Professor Beth Simone Noveck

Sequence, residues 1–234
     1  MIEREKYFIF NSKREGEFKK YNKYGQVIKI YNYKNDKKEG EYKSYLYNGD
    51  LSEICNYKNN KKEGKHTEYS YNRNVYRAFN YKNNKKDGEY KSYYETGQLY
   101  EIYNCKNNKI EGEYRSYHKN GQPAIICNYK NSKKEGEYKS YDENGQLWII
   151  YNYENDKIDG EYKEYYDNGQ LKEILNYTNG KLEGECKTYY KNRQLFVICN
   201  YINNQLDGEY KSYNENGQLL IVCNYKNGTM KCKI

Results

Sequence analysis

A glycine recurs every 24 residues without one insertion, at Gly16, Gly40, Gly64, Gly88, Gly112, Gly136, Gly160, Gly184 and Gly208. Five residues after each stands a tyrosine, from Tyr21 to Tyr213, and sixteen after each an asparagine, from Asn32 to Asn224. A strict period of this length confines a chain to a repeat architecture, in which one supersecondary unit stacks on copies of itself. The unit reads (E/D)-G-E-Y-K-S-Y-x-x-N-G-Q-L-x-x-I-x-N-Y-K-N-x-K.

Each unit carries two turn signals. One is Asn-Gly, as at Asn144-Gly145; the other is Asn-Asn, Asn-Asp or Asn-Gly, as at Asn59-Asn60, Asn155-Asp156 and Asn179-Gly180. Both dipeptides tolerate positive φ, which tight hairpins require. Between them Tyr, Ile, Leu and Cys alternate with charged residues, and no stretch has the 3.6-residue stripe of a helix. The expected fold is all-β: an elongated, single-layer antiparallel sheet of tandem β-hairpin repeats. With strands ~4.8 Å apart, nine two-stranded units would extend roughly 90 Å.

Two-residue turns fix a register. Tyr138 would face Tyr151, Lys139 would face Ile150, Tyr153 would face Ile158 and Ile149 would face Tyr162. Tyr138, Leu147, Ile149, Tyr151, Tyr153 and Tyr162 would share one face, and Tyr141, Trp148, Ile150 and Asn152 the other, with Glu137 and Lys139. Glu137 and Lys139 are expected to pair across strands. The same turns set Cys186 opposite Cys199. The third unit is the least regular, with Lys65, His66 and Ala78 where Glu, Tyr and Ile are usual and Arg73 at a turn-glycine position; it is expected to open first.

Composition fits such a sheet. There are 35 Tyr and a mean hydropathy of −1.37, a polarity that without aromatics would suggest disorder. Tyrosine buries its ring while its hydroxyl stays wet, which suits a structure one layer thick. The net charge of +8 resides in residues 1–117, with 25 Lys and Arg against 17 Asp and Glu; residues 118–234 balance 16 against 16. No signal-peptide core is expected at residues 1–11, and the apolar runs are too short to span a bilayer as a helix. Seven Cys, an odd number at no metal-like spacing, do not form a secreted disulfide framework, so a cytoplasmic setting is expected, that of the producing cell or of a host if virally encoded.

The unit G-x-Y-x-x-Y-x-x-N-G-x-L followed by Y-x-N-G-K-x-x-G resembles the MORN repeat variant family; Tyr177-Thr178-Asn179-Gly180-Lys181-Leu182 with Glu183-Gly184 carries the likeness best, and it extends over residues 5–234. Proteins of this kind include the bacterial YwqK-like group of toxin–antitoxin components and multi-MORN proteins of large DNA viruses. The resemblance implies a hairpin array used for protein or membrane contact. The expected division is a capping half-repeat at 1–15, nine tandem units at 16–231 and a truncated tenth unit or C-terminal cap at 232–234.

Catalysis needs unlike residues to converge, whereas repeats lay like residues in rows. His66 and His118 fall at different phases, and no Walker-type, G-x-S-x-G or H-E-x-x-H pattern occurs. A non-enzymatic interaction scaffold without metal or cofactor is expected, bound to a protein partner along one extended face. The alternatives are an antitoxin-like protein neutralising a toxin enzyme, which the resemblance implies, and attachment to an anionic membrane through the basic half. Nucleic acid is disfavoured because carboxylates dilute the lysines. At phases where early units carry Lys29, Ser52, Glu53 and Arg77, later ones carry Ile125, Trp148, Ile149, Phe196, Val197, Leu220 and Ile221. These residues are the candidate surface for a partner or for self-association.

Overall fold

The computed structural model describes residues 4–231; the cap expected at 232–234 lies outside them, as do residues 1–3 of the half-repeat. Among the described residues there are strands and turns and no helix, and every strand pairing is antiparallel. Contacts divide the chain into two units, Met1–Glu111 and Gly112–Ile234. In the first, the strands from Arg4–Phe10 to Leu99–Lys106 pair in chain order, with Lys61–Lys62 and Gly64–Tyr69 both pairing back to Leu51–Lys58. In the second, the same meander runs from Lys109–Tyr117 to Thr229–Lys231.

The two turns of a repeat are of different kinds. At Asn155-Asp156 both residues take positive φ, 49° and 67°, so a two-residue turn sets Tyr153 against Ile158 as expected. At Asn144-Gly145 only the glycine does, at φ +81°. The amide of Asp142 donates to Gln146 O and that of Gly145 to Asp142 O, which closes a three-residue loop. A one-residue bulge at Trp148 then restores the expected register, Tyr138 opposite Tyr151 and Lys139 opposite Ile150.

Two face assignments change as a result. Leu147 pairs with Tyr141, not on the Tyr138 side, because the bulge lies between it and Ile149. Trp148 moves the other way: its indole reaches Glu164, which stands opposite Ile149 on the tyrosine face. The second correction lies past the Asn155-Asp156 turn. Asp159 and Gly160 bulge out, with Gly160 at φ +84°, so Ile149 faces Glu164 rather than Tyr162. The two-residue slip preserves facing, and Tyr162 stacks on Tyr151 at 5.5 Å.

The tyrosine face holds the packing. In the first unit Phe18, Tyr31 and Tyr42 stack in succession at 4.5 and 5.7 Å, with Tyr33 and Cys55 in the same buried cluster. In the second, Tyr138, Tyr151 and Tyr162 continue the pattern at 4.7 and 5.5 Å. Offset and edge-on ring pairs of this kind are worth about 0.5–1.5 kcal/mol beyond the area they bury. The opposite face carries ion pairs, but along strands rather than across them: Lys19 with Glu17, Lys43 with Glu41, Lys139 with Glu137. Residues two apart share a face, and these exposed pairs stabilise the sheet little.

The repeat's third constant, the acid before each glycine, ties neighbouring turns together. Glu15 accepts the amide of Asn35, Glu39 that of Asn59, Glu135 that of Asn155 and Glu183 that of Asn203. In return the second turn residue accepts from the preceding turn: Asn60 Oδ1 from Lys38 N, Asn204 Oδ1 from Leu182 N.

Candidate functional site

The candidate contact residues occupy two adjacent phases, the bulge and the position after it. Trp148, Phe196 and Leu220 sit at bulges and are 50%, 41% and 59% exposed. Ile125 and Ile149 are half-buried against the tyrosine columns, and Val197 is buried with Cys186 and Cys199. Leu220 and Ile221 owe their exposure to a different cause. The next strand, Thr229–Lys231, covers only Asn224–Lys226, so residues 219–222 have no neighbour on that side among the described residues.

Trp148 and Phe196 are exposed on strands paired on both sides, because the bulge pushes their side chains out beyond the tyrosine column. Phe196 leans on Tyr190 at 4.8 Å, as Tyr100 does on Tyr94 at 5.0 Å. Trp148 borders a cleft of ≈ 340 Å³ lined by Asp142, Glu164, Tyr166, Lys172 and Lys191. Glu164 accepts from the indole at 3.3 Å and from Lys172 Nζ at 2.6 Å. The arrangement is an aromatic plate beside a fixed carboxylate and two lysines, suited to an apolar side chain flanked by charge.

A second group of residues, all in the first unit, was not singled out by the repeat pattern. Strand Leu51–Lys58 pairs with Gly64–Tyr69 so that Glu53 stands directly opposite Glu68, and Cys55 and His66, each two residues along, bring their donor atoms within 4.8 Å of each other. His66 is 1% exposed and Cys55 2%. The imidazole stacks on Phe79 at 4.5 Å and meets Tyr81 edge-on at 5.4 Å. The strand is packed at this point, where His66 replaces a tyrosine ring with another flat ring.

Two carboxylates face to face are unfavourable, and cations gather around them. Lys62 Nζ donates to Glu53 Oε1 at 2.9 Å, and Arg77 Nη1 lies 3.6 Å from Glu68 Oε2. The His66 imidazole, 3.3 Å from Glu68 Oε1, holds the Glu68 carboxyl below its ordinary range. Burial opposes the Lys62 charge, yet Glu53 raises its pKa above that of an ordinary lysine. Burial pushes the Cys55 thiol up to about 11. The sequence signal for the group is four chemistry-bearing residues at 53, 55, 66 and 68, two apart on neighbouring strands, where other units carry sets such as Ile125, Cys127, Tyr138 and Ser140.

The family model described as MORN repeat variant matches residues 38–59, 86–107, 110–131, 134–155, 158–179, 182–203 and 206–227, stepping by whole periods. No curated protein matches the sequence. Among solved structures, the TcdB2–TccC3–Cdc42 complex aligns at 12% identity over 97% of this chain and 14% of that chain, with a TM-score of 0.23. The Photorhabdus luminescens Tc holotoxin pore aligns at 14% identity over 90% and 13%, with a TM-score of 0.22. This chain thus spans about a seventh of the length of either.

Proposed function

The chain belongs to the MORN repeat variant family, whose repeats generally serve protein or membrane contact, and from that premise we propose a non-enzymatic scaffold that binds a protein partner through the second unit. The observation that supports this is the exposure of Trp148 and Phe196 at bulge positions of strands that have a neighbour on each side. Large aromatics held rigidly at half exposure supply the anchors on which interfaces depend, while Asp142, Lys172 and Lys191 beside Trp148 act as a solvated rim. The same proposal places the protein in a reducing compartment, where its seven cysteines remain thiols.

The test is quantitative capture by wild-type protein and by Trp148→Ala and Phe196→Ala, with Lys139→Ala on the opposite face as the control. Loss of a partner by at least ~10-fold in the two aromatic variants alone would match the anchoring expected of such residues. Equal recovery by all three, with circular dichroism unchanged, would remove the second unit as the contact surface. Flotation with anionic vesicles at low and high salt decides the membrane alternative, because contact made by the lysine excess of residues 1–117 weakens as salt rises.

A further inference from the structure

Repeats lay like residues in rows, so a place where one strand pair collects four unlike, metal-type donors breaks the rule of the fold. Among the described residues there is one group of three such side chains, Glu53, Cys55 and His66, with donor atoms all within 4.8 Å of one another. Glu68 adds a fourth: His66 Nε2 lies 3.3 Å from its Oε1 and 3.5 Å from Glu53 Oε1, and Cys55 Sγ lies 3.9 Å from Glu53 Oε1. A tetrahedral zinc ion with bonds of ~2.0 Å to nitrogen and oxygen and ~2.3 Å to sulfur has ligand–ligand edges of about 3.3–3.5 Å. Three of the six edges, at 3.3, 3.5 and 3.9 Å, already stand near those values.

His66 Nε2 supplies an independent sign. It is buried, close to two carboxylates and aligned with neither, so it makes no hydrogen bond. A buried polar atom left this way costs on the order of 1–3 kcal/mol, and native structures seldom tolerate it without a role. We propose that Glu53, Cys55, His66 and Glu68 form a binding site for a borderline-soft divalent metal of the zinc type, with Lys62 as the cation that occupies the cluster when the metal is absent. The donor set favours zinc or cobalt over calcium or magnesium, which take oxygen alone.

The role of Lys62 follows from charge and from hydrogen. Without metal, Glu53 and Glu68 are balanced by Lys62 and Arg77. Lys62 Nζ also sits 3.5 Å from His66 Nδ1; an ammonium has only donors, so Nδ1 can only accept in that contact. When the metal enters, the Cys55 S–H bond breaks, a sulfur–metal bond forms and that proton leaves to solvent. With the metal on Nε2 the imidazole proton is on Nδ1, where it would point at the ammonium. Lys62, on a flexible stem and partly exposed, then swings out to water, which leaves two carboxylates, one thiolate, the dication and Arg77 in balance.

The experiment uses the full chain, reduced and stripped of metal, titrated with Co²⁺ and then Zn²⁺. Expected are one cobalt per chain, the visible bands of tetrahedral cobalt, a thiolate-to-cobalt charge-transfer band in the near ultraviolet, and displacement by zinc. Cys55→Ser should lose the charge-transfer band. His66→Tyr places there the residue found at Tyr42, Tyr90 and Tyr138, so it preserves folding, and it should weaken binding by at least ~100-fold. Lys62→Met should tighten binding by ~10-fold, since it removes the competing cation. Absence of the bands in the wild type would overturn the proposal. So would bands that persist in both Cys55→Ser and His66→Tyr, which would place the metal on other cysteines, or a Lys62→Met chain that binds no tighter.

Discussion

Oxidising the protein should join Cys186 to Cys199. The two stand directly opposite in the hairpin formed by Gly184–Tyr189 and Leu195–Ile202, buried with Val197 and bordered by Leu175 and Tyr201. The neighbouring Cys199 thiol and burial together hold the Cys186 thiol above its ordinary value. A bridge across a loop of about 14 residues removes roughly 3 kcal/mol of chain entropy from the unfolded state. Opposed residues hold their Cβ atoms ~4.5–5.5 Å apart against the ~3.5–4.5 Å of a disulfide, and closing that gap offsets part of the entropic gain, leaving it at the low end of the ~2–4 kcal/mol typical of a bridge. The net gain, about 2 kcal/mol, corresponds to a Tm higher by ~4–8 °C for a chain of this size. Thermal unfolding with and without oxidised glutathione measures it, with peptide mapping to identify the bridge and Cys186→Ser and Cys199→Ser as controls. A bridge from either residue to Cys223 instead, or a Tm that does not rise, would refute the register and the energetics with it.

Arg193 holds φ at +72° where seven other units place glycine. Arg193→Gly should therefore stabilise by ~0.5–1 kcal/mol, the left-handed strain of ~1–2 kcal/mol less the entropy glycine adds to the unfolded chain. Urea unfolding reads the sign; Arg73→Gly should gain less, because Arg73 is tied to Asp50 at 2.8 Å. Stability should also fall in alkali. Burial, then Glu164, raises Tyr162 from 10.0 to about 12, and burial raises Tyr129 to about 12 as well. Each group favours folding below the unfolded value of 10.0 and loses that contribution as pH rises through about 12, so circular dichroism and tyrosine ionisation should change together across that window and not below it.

Governments worldwide are investing billions in technologies to create "electronic government," raising challenges for the design of public institutions and the process of political decision making and presenting an opportunity for enhancing citizen participation and self-governance. This course examines some of the seminal theoretical critiques of electronic democracy and electronic government and then applies these critiques to design appropriate legal frameworks and technologies for the public institutions in a digital age. Against the background of these theoretical analyses of the promises and pitfalls of electronically-enhanced democracy, students devise frameworks for implementing information and communication technologies to enhance citizen participation in four policy areas: electronic voting; eGovernment and the provision of citizen services; wired citizen juries; and the implementation of a national ID card system and citizen information database. Students work in project teams to prepare in-depth reports on the legal framework and technology design for specific problems in e-government, and then present these reports to policymakers and regulators. A paper is required.